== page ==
Therefore, once U.S. forces leave, it is almost inevitable that an anti-Western, anti-U.S. regime will arise.
The presidents I served under don't have anything to do with my politics.
Military officers from different countries, when they meet each other, tend to sort of fall in love, become mutual admiration societies, at the expense of realities.
It was not in our interest to enter Iraq in the first place.
In World War II in Germany, we had a ration for one U.S. soldier, or one allied soldier for every twenty inhabitants. The ratio in Iraq is about one for a hundred and sixty.
In reality, I don't think that many of the policies we've attempted to apply to deal with it are going to have any serious effect.
In fact, it struck me when we invaded last year that if we did it without European and East Asian support, we were risking losing our alliance in Europe in exchange for Iraq, and that is a very undesirable exchange.
I've decided that the political context is such that the only way reform will finally come about in the Russian military is that the deterioration goes beyond the point to which these old generals can stand up there and resist it.
I will make a general statement that we have not had anything like the policy of holding people in high office responsible for their acts that I think we should.
I have never belonged to a party. I don't have party affiliation.
I don't think that the war serves U.S. interests. I think Osama bin Laden's interests and the Iranian interests are very much served by it, and it's becoming a huge drain on our resources both material and political.
So the idea that you could put Kurds, Shiite Arabs, and Sunni Arabs in a nice, liberal, federal system in Iraq in a short amount of time, six months or a year, boggles the mind.
We've already seen proliferation. We started it with Britain, then France. Then we benignly let the Israelis do it. The Pakistanis and the Indians have recently done it. The Chinese have nuclear weapons.
Second, recent polls over there show that the majority of Iraqis want us to leave precipitously.
I remember serving in Vietnam in that war, and many of us at the major Lieutenant Colonel, colonel level were frustrated that no one in the U.S. wanted to debate it that way.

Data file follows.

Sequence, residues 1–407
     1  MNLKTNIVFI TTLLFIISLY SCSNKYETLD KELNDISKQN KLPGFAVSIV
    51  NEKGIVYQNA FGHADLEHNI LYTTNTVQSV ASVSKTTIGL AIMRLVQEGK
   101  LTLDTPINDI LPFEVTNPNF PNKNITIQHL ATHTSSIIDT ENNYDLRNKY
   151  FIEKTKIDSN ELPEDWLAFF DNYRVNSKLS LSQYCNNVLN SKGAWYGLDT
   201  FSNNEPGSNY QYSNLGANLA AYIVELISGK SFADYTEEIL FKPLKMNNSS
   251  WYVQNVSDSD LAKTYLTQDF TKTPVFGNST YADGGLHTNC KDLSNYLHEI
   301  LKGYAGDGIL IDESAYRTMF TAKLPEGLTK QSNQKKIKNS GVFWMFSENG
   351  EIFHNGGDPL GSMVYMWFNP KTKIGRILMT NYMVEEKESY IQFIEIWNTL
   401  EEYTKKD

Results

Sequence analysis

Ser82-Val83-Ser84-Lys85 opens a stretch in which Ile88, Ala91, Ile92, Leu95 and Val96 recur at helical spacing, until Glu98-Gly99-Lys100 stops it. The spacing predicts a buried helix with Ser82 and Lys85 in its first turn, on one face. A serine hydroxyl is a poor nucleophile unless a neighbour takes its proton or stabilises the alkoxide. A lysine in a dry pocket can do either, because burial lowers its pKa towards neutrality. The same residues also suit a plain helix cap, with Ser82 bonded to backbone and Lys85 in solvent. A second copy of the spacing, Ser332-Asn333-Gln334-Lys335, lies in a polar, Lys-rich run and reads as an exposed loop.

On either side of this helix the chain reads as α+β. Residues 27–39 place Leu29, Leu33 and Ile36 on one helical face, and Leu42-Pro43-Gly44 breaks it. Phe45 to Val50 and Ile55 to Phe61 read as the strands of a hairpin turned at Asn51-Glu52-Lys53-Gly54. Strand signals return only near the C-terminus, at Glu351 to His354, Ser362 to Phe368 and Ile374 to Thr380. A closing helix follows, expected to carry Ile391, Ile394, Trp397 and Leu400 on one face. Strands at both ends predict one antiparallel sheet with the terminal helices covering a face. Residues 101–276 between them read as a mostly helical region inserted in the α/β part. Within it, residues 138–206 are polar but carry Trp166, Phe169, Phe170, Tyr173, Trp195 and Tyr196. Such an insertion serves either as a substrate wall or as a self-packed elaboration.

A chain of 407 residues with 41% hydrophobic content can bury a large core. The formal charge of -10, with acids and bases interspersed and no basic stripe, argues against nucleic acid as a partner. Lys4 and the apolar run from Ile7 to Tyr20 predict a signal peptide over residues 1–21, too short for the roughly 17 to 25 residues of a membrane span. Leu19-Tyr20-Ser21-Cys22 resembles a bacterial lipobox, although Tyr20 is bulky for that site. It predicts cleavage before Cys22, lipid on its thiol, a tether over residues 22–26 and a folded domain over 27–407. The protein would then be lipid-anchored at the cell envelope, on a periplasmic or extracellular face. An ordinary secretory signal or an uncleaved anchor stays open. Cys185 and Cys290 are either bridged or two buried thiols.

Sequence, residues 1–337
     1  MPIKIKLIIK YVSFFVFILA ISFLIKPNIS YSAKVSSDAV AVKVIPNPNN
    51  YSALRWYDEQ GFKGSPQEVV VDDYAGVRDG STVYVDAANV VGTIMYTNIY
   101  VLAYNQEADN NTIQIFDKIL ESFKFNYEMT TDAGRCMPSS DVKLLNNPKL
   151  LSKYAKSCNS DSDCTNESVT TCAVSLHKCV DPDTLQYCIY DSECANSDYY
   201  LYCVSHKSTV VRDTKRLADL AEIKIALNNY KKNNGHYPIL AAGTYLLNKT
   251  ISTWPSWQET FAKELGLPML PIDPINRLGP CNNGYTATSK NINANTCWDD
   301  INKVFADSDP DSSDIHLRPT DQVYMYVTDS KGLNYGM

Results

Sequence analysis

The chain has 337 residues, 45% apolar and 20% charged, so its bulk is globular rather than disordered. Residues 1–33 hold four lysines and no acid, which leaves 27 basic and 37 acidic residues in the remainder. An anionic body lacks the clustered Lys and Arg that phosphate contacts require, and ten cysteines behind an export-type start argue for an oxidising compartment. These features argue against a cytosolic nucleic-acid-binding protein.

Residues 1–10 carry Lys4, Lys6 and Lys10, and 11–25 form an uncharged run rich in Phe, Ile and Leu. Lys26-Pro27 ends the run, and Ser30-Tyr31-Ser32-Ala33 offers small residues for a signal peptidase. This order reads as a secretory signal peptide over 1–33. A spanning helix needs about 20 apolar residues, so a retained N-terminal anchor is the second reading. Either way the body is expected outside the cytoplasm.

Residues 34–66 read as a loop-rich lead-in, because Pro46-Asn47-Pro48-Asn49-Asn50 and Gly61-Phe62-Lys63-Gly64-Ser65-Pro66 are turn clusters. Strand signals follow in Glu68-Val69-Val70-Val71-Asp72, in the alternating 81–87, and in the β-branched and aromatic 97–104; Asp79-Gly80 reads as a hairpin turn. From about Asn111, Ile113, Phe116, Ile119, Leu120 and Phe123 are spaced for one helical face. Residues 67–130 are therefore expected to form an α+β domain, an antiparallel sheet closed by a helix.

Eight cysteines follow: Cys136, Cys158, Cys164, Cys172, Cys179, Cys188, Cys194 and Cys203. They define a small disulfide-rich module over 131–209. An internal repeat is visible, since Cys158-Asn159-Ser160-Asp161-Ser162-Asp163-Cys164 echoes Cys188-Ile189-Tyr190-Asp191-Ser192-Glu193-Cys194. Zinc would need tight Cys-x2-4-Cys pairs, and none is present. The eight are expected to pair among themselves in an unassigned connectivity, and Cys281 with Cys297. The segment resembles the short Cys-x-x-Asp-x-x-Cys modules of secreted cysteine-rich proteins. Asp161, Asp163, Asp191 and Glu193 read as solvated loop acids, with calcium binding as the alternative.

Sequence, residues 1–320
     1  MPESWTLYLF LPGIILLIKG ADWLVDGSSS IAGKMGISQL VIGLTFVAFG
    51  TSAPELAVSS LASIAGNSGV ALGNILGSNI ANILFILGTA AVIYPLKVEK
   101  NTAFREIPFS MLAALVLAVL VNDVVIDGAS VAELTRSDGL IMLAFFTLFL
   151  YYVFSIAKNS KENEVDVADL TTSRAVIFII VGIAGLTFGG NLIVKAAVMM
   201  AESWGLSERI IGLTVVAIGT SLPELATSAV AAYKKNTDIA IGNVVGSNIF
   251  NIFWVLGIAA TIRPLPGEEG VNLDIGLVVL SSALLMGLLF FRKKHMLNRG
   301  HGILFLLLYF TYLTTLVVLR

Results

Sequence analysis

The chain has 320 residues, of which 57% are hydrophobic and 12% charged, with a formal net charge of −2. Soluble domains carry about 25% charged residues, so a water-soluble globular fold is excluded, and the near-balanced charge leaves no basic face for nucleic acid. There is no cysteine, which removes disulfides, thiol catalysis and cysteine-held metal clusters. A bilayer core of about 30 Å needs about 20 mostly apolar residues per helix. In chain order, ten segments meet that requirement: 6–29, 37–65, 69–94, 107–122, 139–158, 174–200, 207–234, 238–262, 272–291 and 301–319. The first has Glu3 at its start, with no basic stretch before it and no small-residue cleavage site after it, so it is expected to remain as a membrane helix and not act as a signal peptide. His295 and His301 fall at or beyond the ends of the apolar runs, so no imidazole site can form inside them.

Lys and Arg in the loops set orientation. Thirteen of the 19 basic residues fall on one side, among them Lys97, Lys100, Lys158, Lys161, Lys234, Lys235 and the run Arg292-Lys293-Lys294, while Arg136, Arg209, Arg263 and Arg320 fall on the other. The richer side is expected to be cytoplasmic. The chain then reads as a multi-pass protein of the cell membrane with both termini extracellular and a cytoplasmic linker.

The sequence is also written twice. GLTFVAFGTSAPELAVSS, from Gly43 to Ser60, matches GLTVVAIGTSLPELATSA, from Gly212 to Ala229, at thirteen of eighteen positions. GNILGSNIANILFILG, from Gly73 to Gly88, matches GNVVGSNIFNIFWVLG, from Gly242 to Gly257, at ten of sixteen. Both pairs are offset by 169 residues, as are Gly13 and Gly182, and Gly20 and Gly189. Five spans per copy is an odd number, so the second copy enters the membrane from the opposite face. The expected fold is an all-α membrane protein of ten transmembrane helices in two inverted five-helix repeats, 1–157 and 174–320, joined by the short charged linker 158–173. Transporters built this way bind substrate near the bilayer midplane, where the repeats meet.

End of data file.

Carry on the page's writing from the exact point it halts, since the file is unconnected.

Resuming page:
Our presence in Iraq risks turning it into a country that could become the base for terrorist operations and organizations like al Qaeda.
To say that you now trust the Russian military command and control system because some Russian general told you from the bottom of his heart that's the case, strikes me as most unrealistic.
Also, General Zinni, who commanded central command, was very much opposed to the war in the first place, as I was. We were both quoted to that effect in February of 2003.
While people out there on the spot certainly have to be held accountable for what they've done personally, the chain of command responsibility for this strikes me as just as important and should be dealt with.
Once we destroyed the Saddam regime, we knew there was going to be a civil war.
But I would make it unambiguously clear that we are going to withdraw, and if Iraq falls into civil war and if all these unhappy things occur, we're just going to have to accept them.
We need to go to the niceties of approaching the U. N. and let them have a chance to take it over, but we should set some sort of date and begin to move out and leave it to whoever takes over.
The whole notion of land property rights in the Arab world is different from that in Europe.
It was, however, in the interest of Osama bin Laden for us to destroy a secular Arab leader it was very much in the interest of the Iranians because they wanted revenge against Saddam Hussein for Iraq's invasion in 1980.
Firing off 1,000 or 500 or 2,000 nuclear warheads on a few minutes' consideration has always struck me as an absurd way to go to war.